In the thirty or so years since T. M. Andersson observed that to his “knowledge
no one has asked what the point of a saga is,” [ ‘The
Displacement of the Heroic Ideal in the Family Sagas,’ Speculum
45 (1970) 576 of 575-93.] considerable industry has been devoted to answering
this unasked question from various critical points of view. Four years previous
to the publication of the article containing this remark, he had reopened and
restated questions left behind with the gradual literary critical submergence
of the free-prose theory of saga composition. In ‘The Textual Evidence
for an Oral Family Saga’ [ANF 81 (1966) 1-23.]
Anderson examined and evaluated the usefulness of a large number of formulaic
phrases culled from the Íslendingasögur suggestive of the oral background
of that genre, demonstrating thus the feasibility of critical discussion of
what he termed the oral family saga.
Commenting on this “return to traditionalism in saga studies” suggested by such writings, Carol J. Clover, 1974, attributed its energy in part to the recent work of folklore formalists on the nature of traditional oral narrative. The resulting compositional theory recognized structural units in the sagas’ episodic narrative, “the most common . . . a kind of miniature, visual drama which most commentators call a scene.” [Clover, “Scene in Saga Composition” ANF 89 (1974) 57 & 58 of 57-83.] This idea of saga scene corresponds roughly to W.P. Ker’s much earlier image of ‘a series of pictures rising in the mind, succeeding, displacing and correcting one another.’ [Ker, p. 237]
Saga scenes critically envisaged by the movement in which Clover participated are tripartite in form with preface, dramatic exchange or encounter, and conclusion. Preface and conclusion are deemed alike in that both are given to telling rather than to showing the story, to narration rather than to dramatic exchange or encounter, Clover observes, [p. 61] and the form of both parts is to some extent predictably patterned. Thus, the preface sets the scene and conditions of the action with attendant formulas to identify persons, time, place and situation. And the conclusion leaves the action at a point of rest, or more often of temporary rest, making way for the initiation of a succeeding but not necessarily directly related scene. (Parataxis digression, if time.) Conclusions, like prefaces, are of rather fixed standard types, with generally unsurprising formulas.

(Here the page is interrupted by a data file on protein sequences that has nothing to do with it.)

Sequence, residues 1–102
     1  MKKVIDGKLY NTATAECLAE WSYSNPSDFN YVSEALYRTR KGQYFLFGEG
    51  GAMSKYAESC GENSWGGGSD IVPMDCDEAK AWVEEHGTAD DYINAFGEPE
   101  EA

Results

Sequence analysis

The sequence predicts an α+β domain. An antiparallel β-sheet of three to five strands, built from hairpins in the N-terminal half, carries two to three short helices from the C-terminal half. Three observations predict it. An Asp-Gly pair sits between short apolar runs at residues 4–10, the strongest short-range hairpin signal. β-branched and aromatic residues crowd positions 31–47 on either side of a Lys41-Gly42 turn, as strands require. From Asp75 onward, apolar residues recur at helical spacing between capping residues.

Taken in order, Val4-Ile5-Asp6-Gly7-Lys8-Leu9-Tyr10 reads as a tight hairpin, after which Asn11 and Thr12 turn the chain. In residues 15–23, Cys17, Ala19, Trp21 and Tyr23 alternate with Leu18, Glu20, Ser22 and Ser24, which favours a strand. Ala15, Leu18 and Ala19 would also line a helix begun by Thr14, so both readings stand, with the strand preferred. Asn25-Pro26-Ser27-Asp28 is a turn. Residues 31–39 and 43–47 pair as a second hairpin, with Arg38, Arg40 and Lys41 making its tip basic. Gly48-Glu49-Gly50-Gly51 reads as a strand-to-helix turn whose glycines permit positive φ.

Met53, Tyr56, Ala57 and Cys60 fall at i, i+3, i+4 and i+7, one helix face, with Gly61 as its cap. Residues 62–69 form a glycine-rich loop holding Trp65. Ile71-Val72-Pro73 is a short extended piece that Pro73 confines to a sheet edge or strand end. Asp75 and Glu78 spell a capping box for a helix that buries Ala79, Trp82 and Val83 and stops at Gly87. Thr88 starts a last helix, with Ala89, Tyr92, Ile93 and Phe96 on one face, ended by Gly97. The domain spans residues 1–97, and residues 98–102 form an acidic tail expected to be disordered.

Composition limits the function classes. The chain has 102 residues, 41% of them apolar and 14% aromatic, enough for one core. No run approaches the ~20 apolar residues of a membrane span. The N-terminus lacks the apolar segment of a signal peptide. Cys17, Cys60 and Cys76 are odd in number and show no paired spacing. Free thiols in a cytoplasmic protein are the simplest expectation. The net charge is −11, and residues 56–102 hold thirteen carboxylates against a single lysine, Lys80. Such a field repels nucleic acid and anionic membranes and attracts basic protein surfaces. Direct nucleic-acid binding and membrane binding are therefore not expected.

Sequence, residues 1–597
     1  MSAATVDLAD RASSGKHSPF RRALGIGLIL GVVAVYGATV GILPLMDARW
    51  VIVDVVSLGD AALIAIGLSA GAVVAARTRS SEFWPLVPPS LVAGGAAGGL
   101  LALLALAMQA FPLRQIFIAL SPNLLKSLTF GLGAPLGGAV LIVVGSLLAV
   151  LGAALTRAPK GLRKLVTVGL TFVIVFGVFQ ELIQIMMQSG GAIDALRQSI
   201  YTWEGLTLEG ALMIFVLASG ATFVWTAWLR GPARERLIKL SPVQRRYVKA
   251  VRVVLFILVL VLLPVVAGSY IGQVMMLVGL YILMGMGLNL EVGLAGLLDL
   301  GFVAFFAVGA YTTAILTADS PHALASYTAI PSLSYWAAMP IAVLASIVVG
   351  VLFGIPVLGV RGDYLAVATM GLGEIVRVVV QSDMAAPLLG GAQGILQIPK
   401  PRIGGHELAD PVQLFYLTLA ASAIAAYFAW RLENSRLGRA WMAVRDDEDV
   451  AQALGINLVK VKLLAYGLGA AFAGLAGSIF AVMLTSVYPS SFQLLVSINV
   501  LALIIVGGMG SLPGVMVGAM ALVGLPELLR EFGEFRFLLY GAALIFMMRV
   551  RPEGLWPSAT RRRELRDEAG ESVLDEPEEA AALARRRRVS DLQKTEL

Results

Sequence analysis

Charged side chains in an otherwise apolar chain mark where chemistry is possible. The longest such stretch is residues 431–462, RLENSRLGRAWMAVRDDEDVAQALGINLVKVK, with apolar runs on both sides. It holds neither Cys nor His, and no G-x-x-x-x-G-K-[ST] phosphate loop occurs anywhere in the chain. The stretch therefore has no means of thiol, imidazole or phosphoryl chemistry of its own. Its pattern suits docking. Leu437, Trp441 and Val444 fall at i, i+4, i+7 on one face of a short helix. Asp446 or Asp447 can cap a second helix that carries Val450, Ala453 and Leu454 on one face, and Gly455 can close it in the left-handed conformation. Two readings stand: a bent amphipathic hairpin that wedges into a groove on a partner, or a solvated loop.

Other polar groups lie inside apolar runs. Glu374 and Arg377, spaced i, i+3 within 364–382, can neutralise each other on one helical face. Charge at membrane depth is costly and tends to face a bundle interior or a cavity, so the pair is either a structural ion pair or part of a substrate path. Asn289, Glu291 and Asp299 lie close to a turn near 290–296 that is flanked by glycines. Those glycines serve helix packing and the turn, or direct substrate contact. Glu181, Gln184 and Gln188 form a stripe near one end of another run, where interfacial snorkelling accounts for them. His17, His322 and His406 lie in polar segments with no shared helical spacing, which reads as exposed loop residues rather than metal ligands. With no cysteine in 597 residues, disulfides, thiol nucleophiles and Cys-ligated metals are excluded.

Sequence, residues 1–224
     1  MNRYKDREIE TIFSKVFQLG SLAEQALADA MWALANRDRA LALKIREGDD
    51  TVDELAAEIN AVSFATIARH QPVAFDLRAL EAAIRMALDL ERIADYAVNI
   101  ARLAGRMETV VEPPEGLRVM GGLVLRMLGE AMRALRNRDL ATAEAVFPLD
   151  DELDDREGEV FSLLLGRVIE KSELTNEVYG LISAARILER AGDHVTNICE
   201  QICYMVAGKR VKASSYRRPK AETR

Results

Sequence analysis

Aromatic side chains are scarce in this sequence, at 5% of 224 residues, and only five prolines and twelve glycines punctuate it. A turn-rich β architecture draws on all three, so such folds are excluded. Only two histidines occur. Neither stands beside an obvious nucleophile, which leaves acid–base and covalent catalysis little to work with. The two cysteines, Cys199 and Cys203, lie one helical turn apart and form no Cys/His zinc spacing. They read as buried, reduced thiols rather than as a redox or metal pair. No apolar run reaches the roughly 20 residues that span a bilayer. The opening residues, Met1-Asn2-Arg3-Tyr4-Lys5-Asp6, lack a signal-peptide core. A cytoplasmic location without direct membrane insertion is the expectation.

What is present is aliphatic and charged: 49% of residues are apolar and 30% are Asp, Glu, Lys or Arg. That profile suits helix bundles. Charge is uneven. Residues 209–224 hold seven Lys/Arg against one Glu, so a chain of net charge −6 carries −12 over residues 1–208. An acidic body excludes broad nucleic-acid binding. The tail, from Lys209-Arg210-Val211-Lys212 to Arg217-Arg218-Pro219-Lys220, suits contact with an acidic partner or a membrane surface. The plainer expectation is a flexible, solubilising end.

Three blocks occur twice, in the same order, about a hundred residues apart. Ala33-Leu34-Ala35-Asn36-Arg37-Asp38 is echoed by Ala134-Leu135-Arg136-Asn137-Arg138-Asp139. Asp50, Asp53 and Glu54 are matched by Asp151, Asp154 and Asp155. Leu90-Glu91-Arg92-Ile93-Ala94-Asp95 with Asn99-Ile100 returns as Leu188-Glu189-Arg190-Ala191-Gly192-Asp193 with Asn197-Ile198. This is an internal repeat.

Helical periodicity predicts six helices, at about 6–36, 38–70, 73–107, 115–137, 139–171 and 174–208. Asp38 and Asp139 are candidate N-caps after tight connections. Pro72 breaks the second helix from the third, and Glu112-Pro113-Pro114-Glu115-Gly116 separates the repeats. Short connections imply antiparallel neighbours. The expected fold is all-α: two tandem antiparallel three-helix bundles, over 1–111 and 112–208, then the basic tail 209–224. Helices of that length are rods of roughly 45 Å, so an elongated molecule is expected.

While, as Clover observes, ‘scenic narration is clearly the saga man’s modus operandi, and the tripartite scene is clearly a normative image,’ this does not preclude pronounced variations on the anticipated structure or its execution. Scenes may be long or short, explosive or reflective, varying with the composer’s conscious, intentional narrative flow, with such variations indeed a part of his artistic refinement. Of potential paremiological interest, though, is a structural variation producing what Clover calls the apophthegmatic scene, a term borrowed from the language of Biblical formalism developed by Rudolf Bultmann in his History of the Synoptic Tradition.[Clover, p. 64; R. Bultmann, History of the Synoptic Tradition, tr. J. Marsh (1963).] Here, the conclusion is missing, the narrative closing on a spoken line of apophthegmatic nature. Such scenes “mark a structural departure from the norm,” and their closing quotations are often “the weighty and ‘significant’ phrases which resonate through the work.” These concluding phrases are, like proverbs in the sagas more generally, put in the mouths of the grander figures of the stories. The speakers of proverbs generally, and of those sententious conclusions to apophthegmatic scenes more specifically, tend to be people we can trust and whose thoughts we should take seriously, and as I’ve argued elsewhere, it is likely we can sometimes use such material in our search for the point of a saga.